Oxford, Lafayette School Districts Reach Agreement on SAT Management

By Alyssa Schnugg
News editor
alyssa.schnugg@hottytoddy.com

The School of Applied Technology. File photo.

After a better part of a year of back and forth negotiations, the Oxford and Lafayette County school districts have reached an agreement on the management of the School of Applied Technology — at least for the 2020-2021 school year.

The Oxford School District Board of Trustees signed the latest version of the agreement sent to them by the Lafayette County School District during their regular meeting Monday evening. While the agreement states it is a three-year agreement, Superintendent Brian Harvey pointed out the current board cannot bind future boards to contracts.

The Lafayette County School Board signed the agreement last week and sent it on to the OSD for its consideration. No changes or additions were made by the Oxford trustees who approved the contract unanimously as presented by Lafayette.

The contract approved Monday has The Tech space shared “equally” by the two districts. Both districts already equally own the property and the building that the school occupies.

“Each school district may use any portions of the facility to provide whatever instructional programming it deems appropriate to its educational mission as long as it is a career and technical education program,” the agreement states.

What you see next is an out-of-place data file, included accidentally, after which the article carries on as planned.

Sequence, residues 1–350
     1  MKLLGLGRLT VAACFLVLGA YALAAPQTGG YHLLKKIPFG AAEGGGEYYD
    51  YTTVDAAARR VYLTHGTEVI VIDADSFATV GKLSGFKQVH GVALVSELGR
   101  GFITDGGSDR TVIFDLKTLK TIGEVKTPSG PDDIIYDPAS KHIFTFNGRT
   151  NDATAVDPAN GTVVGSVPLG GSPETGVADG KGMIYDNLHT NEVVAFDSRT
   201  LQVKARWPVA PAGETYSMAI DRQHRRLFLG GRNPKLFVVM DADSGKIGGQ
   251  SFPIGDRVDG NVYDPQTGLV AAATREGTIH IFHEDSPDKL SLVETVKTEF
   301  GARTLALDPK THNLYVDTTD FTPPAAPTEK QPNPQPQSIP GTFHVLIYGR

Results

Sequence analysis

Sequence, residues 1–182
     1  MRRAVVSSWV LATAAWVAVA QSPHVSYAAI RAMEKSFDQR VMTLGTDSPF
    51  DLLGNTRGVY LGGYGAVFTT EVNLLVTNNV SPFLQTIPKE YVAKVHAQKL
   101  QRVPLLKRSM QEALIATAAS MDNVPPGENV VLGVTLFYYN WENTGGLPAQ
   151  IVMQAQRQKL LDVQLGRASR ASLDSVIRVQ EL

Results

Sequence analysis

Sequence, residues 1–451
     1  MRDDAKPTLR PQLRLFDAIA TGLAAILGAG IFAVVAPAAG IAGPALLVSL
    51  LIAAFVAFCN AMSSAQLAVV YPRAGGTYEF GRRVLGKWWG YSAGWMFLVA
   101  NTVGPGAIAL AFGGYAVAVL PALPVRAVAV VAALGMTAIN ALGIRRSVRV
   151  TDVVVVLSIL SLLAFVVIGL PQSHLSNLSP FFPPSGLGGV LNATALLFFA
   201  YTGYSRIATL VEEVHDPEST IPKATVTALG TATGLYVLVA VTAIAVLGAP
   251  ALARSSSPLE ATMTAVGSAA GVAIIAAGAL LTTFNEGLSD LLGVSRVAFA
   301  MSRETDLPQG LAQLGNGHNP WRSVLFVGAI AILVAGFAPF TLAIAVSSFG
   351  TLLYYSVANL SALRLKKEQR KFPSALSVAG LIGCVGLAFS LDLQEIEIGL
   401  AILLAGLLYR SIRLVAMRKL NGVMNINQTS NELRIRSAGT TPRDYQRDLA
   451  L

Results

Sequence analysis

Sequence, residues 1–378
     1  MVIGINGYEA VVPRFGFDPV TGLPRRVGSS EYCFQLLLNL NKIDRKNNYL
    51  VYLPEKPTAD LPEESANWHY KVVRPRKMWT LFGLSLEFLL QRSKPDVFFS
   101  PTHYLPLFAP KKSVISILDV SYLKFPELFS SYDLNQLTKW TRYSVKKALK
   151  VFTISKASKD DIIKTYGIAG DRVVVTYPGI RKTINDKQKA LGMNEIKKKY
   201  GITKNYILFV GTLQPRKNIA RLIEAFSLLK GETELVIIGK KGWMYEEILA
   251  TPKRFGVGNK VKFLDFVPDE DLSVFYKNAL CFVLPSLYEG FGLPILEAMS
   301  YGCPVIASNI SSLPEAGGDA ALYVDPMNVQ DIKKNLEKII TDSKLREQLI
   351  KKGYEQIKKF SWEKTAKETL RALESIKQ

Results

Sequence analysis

Students from both school districts will have equal access to all classes offered at The Tech. Lafayette will ensure its teachers stay late in accordance with Oxford’s bell schedule and Oxford will ensure its teachers arrive by 8 a.m. in accordance to Lafayette’s bell schedule.

Lafayette will hire an employee to perform janitorial services and an administrative assistant and Oxford will pay half of those salaries. An administrator from each district will have an office at the school.

In June 2019, the OSD notified the LCSD of its intent to withdraw from the consortium that allows the districts to receive reimbursements from the state for teacher salaries. The OSD wants its own Career Technology Education program so it can receive funding from the state for its program and teachers’ salaries.

The current consortium will end on June 30 and there will no longer be one combined governing board.

Harvey recommended signing the agreement to the board members Monday.

“It meets both districts’ short-term needs and long-term direction,” Harvey said. “It allows Lafayette to maintain all of the programming and control of its programming. It also allows our students to continue to attend with the same guaranteed number of slots we have now … It also allows our students the full block of instruction and that is better than our students (attending The Tech) have ever had.”

The board also made it clear that in the long term, it is the district’s goal to eventually move away from sending students to The Tech and offer Oxford students the same CTE courses on the OSD campus.

“It provides us with a timeline for a potential withdrawal from the facility and an investigation in how we can build some of these programs on our own campus,” Harvey said. “Of which the positive nature is that we will have more kids who will enroll in those programs if they do not have to get a bus and drive over there because they’ll be on our campus.”


 

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